Summer is a great time to be outside and to socialize….and law enforcement knows it. Summer bears witness to a noticeable uptick in all crimes and misdemeanors – especially alcohol related. DUI and MIP are the obvious ones – but some alcohol crimes are more esoteric.
Recently the Law Office of Chris Van Vechten was asked to defend a client charged with violation of Keg Registration. If you’ve never heard of this gross misdemeanor before, don’t be embarrassed – neither had Chris.
The gist of it is that people who rent or buy a keg – defined as a four gallon container or greater of malt liquor – must:
- Sign a declaration and receipt for the keg;
- Provide one piece of identification;
- Be of legal age to purchase, possess, or use malt liquor;
- Not allow any person under the age of twenty-one to consume the beverage;
- Not remove, obliterate, or allow to be removed or obliterated, the identification;
- Not move, keep, or store the keg or its contents, except for transporting to and from the distributor, at any place other than that particular address declared on the receipt and declaration; and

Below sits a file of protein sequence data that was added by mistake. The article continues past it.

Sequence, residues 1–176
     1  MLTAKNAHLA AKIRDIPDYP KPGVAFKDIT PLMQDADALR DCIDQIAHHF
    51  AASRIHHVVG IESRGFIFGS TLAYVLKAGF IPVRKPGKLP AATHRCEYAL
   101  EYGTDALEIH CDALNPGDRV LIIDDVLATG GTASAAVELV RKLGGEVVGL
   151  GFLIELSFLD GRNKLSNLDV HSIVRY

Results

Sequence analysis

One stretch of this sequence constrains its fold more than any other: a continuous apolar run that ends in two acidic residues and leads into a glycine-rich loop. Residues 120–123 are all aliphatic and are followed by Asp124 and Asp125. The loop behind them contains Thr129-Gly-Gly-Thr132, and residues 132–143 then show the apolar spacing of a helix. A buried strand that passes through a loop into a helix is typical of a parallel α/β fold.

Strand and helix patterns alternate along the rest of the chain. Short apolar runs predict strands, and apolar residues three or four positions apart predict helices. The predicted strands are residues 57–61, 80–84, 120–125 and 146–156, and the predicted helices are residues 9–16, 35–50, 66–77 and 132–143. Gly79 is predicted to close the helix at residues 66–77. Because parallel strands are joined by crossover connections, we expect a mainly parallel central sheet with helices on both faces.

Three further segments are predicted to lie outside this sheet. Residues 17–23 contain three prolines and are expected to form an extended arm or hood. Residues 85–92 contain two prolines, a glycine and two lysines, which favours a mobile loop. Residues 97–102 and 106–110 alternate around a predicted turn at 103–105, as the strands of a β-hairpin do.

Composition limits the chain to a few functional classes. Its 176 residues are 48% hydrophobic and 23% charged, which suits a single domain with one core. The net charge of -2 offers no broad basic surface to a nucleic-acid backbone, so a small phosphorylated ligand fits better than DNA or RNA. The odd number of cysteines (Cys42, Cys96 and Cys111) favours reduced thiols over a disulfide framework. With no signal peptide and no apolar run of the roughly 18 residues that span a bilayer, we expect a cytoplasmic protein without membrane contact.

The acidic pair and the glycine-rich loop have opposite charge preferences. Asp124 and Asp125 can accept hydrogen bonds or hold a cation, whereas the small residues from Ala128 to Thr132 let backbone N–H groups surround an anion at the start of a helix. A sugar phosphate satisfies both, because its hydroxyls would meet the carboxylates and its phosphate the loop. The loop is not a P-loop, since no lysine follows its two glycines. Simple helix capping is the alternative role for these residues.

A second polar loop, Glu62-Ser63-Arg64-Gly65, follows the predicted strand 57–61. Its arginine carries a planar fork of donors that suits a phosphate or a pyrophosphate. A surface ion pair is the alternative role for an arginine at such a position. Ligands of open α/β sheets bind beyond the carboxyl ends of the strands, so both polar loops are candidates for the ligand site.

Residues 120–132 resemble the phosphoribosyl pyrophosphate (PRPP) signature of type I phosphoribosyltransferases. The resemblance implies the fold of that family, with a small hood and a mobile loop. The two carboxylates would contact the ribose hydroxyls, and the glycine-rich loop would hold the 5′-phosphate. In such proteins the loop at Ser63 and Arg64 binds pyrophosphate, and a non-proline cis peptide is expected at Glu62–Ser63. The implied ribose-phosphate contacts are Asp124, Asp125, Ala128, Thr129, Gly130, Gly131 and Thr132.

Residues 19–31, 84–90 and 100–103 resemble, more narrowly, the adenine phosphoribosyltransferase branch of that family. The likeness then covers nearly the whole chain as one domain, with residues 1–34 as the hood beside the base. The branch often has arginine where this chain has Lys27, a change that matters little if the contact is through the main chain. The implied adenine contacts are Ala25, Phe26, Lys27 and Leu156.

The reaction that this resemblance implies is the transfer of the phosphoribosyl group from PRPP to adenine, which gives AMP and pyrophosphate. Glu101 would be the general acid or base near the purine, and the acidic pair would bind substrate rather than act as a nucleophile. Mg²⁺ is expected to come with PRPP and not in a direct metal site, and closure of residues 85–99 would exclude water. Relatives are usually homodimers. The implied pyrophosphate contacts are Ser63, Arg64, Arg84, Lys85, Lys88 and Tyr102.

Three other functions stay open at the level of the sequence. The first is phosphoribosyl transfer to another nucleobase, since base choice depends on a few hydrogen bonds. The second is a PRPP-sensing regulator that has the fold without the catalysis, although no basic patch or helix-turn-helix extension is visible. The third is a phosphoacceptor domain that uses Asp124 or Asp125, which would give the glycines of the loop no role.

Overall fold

- Maintain a copy of the declaration and receipt next to or adjacent to the keg or other container, in no event a distance greater than five feet, and visible without a physical barrier from the keg, during the time that the keg or other container is in the purchaser’s possession or control.
Part 6 is likely where most people are going to be tripped up. After all, if you’re planning on taking the keg to a party and drinking the remains at home, which address are you supposed to put on the label? There’s no requirement that bars and taverns who lease these kegs fully apprise renters that this is not merely a tavern policy, this is the law – and failure to obey may result in 364 days in jail and/or a $5000 fine.
This is a particularly cheap charge for prosecutors to hurl at defendants. Law abiding citizens have never heard of this crime. Most lawyers have never heard of this crime. The Law Office of Chris Van Vechten has yet to find a single published opinion in the history of Washington State concerning this law. Yet the fact is that in some jurisdictions prosecutors are likely to throw this charge in with more noteworthy offenses – like public intoxication or supplying alcohol to minors – in order to strengthen their hand and force you into a plea deal that results in a criminal record.
The best defense is not to be charged. So if you plan on celebrating summer with beer: don’t rent a keg, or if you do, only take it to where you plan to drink it. Better yet, opt for bottled beer instead. The Law Office of Chris Van Vechten is particularly partial to Alaska, Deschutes and 21st Amendment Brewery. Also, growlers from local breweries are a nice substitute to kegs.